There may not be crowds of people swarming malls for Black Friday deals like schools of piranha, but there is still plenty of holiday shopping to be done—especially if you’re a last minute shopper. Many stores are extending online and in-store sales well into the weeks before Christmas, but there’s another group that’s eagerly anticipating the increased online traffic: cybercriminals.
With that in mind, let’s review some of the more common tactics of would-be cyber-Grinches.
Be Suspicious of Your Inbox
There are many perks to online shopping that in 2017 are old news: no holiday crowds, home delivery, and email alerts to name a few. Unfortunately, that last one—sales emails—are handy, and cybercriminals know it.
Just as they try to spoof legitimate communications from prospective clients and tax-software vendors, identity thieves create phishing emails designed to look like holiday sales alerts from reputable retailers. When you click embedded links, you may be directed to a fake website designed to collect your private data or download key-logger malware that records everything you type.
Another common tactic is to send a fake password reset email in an attempt to get victims to directly provide sensitive information. Whatever form these phishing emails take—as always—the aim is to get private data that can be used to file fraudulent tax returns or sign up for credit cards.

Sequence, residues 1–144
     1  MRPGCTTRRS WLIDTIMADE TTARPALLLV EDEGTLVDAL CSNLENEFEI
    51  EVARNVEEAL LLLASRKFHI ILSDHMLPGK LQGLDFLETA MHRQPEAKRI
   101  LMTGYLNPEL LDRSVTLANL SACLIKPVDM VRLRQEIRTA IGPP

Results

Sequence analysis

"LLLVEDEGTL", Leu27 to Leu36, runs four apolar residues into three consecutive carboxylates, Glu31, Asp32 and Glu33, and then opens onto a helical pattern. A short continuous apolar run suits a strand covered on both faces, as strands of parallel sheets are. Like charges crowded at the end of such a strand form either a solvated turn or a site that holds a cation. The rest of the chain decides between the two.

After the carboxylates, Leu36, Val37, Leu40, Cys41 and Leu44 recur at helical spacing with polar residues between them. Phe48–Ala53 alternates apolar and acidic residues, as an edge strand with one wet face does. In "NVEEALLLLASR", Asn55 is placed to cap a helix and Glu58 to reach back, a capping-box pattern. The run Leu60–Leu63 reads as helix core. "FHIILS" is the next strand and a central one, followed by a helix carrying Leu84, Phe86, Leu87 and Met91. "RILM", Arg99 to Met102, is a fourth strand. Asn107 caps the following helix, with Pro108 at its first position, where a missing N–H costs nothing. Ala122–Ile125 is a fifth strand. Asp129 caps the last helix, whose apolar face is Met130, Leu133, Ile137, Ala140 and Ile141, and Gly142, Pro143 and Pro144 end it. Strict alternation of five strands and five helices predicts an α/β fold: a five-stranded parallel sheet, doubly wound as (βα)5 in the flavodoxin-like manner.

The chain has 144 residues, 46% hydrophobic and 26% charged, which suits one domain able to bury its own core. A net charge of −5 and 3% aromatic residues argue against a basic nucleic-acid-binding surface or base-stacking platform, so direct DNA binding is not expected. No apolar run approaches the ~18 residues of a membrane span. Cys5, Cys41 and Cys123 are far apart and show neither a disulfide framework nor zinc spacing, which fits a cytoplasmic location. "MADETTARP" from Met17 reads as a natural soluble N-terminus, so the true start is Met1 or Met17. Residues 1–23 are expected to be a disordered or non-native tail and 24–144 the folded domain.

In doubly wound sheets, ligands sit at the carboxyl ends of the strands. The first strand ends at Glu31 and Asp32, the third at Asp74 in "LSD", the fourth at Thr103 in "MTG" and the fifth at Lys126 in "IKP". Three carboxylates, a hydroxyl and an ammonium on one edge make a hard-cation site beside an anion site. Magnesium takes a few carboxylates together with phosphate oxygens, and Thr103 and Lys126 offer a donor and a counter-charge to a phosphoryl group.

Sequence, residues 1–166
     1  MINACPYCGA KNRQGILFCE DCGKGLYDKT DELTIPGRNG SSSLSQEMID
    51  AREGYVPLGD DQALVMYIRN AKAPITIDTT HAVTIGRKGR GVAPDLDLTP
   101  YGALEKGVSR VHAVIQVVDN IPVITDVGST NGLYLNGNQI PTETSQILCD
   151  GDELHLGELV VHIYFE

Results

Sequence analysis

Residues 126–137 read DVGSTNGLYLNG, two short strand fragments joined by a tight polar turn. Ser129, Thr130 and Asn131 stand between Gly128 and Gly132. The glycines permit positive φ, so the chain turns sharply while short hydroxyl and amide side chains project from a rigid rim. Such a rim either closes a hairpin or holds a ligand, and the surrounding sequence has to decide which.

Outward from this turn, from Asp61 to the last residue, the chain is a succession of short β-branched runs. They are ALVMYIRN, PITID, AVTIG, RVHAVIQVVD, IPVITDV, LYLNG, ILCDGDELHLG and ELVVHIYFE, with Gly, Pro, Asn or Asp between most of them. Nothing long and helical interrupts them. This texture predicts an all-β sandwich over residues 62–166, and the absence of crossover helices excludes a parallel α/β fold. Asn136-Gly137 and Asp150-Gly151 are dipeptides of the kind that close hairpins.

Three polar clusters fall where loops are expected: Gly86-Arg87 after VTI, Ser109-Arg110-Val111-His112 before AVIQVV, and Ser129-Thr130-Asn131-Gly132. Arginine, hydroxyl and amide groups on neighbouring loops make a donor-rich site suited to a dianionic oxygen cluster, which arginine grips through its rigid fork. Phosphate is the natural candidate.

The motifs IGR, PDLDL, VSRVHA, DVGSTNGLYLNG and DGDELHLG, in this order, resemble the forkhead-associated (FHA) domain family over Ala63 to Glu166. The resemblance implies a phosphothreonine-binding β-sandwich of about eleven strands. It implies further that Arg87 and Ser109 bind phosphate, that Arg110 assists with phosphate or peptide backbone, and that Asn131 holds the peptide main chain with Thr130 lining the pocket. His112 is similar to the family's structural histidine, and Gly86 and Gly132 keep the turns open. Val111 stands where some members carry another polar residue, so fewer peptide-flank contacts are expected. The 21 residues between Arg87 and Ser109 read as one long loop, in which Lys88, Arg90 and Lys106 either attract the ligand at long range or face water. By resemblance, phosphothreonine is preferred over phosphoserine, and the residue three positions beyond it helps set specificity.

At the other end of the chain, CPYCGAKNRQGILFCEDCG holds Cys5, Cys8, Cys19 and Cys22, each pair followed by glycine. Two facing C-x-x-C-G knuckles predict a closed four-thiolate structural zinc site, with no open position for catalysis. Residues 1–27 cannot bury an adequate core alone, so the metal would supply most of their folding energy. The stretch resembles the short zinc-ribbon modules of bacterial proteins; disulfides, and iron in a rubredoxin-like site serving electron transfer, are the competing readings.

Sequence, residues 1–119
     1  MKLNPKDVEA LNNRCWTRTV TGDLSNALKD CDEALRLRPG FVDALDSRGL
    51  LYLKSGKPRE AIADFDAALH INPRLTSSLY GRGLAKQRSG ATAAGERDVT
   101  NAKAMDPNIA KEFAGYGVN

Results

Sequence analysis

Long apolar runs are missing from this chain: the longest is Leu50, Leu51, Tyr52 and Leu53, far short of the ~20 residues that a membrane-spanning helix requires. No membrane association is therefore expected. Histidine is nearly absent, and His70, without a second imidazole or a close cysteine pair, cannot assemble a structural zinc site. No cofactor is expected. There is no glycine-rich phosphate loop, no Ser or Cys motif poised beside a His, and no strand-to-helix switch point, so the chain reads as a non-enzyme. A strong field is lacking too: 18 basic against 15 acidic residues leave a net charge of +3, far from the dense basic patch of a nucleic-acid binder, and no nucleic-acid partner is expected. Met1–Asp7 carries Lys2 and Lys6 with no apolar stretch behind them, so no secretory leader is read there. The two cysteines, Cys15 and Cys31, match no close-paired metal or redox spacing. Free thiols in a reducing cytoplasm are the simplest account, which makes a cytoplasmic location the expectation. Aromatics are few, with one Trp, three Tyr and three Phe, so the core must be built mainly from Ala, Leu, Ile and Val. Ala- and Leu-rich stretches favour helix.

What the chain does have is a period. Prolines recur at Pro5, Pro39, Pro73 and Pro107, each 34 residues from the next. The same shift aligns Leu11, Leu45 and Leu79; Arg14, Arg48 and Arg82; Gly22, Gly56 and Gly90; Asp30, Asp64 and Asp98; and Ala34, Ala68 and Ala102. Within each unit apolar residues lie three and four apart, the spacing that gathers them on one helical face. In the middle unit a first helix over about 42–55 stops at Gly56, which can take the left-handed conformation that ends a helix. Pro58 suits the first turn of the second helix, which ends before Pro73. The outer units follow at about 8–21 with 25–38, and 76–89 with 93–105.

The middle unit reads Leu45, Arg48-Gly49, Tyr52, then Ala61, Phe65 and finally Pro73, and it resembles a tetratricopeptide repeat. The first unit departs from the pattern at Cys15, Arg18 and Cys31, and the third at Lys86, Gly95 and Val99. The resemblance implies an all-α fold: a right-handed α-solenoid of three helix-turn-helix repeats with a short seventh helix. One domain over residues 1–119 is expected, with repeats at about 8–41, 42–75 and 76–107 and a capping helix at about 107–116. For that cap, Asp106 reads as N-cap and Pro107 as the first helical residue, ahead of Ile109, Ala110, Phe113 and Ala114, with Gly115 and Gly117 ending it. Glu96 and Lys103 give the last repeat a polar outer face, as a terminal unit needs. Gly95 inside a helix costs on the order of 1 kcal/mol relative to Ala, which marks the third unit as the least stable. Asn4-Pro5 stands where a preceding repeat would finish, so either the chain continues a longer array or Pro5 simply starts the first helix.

Long story short: be suspicious of the flood of sales emails in your inbox.
Oh, the Places You Shouldn’t Go
In the endless search for holiday sales, people often scour their Google results well below the fold. Sometimes they find the perfect deal, other times they find a scam page that’s been set up by identity thieves.
Similar to emails spoofing legitimate retailers, cybercriminals create fake retail pages meant to look like legitimate businesses. These sites can run malicious scripts, include malware downloads, or simply request private information when performing a “transaction.” One dead giveaway is a suspicious URL, but identity thieves are getting fairly savvy when it comes to naming their spoof pages.
The IRS recommends only visiting an HTTPS site. Standing for “Hyper Text Transfer Protocol Secure,” HTTPS sites are given a security certificate and, ostensibly, encrypt all communications. Unfortunately, even criminals can get a security certificate, so this isn’t a perfect test for whether any given website is safe.
Avoid Public Wi-Fi
You’re at the mall and need to price check an item to make sure you’re really going to get the best deal. The problem is that your data plan is almost kaput, so you decide to use the store’s free Wi-Fi. That’s a win-win situation, right? Well, maybe not.
Another thing criminals like to spoof are legitimate public Wi-Fi hotspots. Known as an “evil twin attack,” cybercriminals set up a Wi-Fi hotspot with the same name as another public network, like “Coffee Shop.” Once you log into one of these scam hotspots, the cybercriminal can access your device, monitor your activity directly.